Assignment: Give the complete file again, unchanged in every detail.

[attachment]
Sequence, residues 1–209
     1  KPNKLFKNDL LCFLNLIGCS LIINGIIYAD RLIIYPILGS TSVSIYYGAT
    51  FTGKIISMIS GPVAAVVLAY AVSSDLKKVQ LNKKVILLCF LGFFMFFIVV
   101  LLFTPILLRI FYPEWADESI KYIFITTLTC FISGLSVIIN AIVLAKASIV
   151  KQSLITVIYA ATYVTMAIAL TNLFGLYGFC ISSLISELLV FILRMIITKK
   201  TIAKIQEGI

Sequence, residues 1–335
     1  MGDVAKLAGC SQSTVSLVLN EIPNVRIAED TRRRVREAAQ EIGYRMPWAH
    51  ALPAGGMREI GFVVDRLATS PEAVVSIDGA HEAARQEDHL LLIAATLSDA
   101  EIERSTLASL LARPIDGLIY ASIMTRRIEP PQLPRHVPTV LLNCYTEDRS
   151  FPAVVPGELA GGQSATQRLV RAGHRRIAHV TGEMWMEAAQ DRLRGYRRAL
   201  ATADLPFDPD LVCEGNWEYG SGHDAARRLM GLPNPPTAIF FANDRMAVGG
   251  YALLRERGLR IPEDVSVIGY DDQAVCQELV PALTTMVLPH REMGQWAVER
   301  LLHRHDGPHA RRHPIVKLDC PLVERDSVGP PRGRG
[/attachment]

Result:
Sequence, residues 1–209
     1  KPNKLFKNDL LCFLNLIGCS LIINGIIYAD RLIIYPILGS TSVSIYYGAT
    51  FTGKIISMIS GPVAAVVLAY AVSSDLKKVQ LNKKVILLCF LGFFMFFIVV
   101  LLFTPILLRI FYPEWADESI KYIFITTLTC FISGLSVIIN AIVLAKASIV
   151  KQSLITVIYA ATYVTMAIAL TNLFGLYGFC ISSLISELLV FILRMIITKK
   201  TIAKIQEGI

Sequence, residues 1–335
     1  MGDVAKLAGC SQSTVSLVLN EIPNVRIAED TRRRVREAAQ EIGYRMPWAH
    51  ALPAGGMREI GFVVDRLATS PEAVVSIDGA HEAARQEDHL LLIAATLSDA
   101  EIERSTLASL LARPIDGLIY ASIMTRRIEP PQLPRHVPTV LLNCYTEDRS
   151  FPAVVPGELA GGQSATQRLV RAGHRRIAHV TGEMWMEAAQ DRLRGYRRAL
   201  ATADLPFDPD LVCEGNWEYG SGHDAARRLM GLPNPPTAIF FANDRMAVGG
   251  YALLRERGLR IPEDVSVIGY DDQAVCQELV PALTTMVLPH REMGQWAVER
   301  LLHRHDGPHA RRHPIVKLDC PLVERDSVGP PRGRG